Wall Street Journal Looks at Physician Advice Web Sites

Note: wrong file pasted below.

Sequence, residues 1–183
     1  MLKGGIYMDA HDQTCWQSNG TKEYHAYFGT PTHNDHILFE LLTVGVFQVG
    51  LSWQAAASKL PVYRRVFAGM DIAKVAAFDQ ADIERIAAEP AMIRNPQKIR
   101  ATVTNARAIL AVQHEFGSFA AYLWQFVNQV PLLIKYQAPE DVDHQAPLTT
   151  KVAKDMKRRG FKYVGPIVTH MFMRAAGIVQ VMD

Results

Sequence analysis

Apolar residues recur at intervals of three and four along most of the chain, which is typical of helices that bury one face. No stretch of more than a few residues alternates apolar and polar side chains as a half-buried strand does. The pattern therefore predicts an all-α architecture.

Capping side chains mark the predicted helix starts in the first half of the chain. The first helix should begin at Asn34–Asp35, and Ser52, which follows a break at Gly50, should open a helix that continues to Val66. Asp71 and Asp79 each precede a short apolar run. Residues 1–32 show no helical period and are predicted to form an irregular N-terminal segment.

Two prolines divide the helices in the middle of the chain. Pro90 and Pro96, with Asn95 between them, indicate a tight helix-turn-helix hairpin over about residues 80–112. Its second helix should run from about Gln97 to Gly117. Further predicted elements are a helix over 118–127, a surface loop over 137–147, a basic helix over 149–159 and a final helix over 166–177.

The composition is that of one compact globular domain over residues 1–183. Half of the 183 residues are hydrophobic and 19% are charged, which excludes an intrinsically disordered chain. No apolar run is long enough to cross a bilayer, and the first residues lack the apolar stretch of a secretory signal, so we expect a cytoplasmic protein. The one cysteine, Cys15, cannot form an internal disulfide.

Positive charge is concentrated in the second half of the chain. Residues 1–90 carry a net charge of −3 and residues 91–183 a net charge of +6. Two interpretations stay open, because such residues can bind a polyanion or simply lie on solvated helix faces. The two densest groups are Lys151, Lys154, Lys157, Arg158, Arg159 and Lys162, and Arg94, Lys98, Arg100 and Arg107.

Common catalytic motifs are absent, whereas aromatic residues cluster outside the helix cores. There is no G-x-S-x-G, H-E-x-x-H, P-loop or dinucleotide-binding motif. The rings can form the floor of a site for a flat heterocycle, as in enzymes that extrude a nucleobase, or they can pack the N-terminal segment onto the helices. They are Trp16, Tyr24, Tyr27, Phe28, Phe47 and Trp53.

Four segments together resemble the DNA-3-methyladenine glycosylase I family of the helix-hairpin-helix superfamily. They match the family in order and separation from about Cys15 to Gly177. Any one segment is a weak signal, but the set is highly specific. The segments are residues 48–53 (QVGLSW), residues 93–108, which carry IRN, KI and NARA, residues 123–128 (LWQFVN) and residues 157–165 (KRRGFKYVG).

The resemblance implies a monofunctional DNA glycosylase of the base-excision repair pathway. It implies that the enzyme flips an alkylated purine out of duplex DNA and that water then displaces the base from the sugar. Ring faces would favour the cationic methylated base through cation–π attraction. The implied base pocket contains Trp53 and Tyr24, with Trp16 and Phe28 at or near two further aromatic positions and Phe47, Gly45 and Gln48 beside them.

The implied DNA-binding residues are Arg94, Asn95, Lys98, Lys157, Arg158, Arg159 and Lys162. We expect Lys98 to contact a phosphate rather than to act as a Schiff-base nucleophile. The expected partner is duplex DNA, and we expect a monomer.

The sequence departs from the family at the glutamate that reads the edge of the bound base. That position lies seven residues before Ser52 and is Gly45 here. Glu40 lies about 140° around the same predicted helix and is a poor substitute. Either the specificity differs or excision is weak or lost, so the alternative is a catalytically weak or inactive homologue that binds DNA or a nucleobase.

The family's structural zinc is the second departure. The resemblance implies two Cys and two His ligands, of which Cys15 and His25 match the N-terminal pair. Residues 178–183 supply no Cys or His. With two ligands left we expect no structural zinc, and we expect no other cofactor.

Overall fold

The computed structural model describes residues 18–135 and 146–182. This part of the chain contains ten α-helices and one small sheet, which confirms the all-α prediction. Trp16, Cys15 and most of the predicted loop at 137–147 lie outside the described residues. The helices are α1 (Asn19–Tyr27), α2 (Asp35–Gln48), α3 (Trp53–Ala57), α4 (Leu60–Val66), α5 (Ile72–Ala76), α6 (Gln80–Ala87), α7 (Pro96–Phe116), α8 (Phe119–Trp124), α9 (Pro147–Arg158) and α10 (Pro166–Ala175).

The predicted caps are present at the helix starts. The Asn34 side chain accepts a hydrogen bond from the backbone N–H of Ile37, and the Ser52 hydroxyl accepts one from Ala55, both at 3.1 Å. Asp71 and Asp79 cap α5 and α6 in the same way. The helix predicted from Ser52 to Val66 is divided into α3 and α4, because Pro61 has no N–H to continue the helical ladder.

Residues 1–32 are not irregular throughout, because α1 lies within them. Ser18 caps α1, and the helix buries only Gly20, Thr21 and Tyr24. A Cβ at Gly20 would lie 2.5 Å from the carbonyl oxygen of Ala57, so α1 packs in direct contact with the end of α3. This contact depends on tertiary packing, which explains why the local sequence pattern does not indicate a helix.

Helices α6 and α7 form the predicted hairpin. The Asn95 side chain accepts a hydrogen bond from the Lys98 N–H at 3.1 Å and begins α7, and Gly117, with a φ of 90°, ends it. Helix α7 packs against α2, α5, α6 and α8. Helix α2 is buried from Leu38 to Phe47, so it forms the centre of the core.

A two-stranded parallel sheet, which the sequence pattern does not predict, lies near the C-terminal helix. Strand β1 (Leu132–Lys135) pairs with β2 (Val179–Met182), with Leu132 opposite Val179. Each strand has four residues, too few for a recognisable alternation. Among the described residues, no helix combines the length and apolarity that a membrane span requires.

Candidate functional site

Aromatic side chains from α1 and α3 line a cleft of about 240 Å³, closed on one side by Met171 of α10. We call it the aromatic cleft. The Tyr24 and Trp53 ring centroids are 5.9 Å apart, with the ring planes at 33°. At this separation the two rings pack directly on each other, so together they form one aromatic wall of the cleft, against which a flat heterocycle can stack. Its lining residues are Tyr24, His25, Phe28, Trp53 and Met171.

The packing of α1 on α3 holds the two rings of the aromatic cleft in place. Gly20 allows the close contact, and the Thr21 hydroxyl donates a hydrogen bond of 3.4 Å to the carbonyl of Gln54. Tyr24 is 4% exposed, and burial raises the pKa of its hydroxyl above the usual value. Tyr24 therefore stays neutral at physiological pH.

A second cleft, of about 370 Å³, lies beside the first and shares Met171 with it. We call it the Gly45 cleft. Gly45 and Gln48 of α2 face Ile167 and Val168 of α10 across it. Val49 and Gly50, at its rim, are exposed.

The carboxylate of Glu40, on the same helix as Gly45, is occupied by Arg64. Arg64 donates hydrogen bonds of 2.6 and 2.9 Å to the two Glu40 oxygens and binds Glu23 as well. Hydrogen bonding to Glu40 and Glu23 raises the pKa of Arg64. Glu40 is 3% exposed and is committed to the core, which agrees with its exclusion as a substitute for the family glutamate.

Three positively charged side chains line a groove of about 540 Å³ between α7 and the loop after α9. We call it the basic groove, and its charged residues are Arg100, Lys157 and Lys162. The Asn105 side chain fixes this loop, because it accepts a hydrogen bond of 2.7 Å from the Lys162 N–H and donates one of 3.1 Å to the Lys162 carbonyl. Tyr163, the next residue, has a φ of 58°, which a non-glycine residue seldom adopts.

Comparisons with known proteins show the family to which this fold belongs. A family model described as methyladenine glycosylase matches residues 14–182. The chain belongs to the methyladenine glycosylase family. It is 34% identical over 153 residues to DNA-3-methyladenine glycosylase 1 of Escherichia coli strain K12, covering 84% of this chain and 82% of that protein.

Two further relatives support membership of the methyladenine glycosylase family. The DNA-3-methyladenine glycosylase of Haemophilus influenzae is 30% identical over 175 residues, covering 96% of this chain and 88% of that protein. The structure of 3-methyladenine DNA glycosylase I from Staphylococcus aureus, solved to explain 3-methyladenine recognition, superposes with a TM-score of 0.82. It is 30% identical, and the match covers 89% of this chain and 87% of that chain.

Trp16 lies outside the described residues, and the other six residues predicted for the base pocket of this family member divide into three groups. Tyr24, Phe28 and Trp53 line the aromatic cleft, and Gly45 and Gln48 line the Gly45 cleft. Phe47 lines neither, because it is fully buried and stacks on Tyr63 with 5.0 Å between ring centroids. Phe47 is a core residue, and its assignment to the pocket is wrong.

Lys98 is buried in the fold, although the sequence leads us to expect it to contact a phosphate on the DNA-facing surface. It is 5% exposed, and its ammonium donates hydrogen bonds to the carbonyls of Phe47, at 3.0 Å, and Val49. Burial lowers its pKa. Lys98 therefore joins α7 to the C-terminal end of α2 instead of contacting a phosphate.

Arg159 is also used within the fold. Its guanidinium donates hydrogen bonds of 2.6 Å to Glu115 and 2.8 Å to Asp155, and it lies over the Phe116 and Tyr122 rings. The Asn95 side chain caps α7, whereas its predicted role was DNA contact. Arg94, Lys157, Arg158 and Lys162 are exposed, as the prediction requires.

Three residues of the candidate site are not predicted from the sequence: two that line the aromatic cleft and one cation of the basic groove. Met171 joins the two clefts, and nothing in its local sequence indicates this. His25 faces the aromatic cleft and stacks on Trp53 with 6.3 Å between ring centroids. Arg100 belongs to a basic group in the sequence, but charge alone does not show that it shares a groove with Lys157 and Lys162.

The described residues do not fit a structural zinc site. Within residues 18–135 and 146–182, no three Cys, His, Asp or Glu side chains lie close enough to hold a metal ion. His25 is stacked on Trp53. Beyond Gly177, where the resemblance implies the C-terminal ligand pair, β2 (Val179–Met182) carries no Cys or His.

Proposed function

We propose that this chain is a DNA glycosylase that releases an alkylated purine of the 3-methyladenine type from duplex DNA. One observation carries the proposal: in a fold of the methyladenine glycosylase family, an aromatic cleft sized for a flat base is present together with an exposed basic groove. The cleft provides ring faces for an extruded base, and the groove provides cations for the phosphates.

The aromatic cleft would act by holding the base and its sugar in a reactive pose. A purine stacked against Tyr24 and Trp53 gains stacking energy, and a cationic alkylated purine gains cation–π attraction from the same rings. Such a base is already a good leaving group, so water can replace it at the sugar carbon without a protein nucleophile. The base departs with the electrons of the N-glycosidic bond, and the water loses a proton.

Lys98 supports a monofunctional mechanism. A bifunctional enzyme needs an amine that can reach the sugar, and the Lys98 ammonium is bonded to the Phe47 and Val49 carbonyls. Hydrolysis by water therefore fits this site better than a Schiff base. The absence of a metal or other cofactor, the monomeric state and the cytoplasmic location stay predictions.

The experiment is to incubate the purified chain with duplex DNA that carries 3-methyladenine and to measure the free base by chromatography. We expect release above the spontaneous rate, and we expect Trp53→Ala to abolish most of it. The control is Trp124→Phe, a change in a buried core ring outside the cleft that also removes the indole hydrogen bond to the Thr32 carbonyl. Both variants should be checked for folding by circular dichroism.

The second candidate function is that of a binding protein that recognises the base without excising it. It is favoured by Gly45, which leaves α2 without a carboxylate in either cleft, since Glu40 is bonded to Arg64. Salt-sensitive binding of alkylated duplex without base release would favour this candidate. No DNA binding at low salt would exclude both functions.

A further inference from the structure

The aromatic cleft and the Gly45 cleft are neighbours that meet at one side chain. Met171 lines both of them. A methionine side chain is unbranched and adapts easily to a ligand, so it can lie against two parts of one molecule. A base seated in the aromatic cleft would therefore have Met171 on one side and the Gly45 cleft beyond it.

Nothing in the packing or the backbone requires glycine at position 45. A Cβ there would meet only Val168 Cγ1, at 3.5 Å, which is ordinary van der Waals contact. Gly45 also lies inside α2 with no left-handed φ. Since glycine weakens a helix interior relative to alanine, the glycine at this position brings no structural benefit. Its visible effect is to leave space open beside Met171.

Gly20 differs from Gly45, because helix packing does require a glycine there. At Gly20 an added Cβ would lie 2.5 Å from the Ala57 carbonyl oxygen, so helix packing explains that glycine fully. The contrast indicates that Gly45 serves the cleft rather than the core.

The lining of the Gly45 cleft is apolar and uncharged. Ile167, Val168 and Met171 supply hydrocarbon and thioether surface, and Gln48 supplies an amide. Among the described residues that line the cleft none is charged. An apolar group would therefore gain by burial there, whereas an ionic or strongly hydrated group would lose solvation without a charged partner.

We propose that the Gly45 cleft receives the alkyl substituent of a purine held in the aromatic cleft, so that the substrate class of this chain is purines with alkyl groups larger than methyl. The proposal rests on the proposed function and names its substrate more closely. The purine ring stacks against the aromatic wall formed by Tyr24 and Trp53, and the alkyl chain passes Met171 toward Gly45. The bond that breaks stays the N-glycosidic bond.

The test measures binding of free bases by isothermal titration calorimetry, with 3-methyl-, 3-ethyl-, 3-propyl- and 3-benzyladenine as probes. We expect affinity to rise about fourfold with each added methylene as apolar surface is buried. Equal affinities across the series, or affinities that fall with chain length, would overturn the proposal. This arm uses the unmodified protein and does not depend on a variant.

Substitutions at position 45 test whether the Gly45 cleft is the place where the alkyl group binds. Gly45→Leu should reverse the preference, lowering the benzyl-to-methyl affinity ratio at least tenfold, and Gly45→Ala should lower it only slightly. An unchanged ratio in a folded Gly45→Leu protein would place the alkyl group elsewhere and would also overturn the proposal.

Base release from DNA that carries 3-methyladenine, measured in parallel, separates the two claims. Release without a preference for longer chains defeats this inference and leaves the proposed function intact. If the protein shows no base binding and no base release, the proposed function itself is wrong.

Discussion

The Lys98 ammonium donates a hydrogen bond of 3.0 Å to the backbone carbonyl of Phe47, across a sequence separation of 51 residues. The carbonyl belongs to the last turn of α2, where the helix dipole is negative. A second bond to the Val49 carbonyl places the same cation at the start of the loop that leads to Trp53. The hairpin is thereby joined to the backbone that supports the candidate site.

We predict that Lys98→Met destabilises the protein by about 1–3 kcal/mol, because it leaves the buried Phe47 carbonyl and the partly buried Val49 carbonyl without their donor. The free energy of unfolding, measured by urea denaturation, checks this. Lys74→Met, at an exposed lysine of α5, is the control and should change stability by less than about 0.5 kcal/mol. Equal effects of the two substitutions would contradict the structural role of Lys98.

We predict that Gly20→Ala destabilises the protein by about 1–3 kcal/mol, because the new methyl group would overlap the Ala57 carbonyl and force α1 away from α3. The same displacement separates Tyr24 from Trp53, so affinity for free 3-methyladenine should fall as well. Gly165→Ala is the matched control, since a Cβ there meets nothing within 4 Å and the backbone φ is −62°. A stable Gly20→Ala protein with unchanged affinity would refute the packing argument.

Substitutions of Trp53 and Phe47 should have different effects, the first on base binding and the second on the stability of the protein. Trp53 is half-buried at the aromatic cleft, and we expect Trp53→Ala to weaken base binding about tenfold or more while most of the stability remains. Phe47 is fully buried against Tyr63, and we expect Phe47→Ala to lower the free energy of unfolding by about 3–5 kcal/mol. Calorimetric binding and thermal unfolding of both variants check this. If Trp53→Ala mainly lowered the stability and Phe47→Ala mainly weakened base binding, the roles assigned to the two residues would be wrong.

The Wall Street Journal today profiles several new, free or low-cost Internet sites that attempt to provide personal answers to patients' basic health care questions. Although participating physicians cannot make diagnoses, they are able to make recommendations, according to the Journal. The sites include Med Help, which connects patients with physicians from some of the country's leading hospitals, usually for free, depending on the topic; netlivemd.com, which charges $25 per question; and askadoctor.com, which charges $16.95. "We don't tell them, 'This is what you have,'" Dr. David Tinkelman, a pediatric allergy and immunology professor at National Jewish Medical Center in Denver who works on Med Help, said, adding, "But we try to answer their questions in a way they can understand" (Parker-Pope, Wall Street Journal, 1/7). In related news, the Akron Beacon Journal today looks at Web sites run by hospitals such as the Cleveland Clinic and Memorial-Sloan Kettering Cancer Center for patients who want a second opinion from their cancer experts without traveling to the hospital. For a fee, patients can have their records and films reviewed by these specialists, although complicated diagnoses cannot be done online. For the most part, these services confirm existing diagnoses and offer a list of alternatives, according to Dr. C. Martin Harris, executive director of the e-Cleveland Clinic (Powell, Akron Beacon Journal, 1/7).
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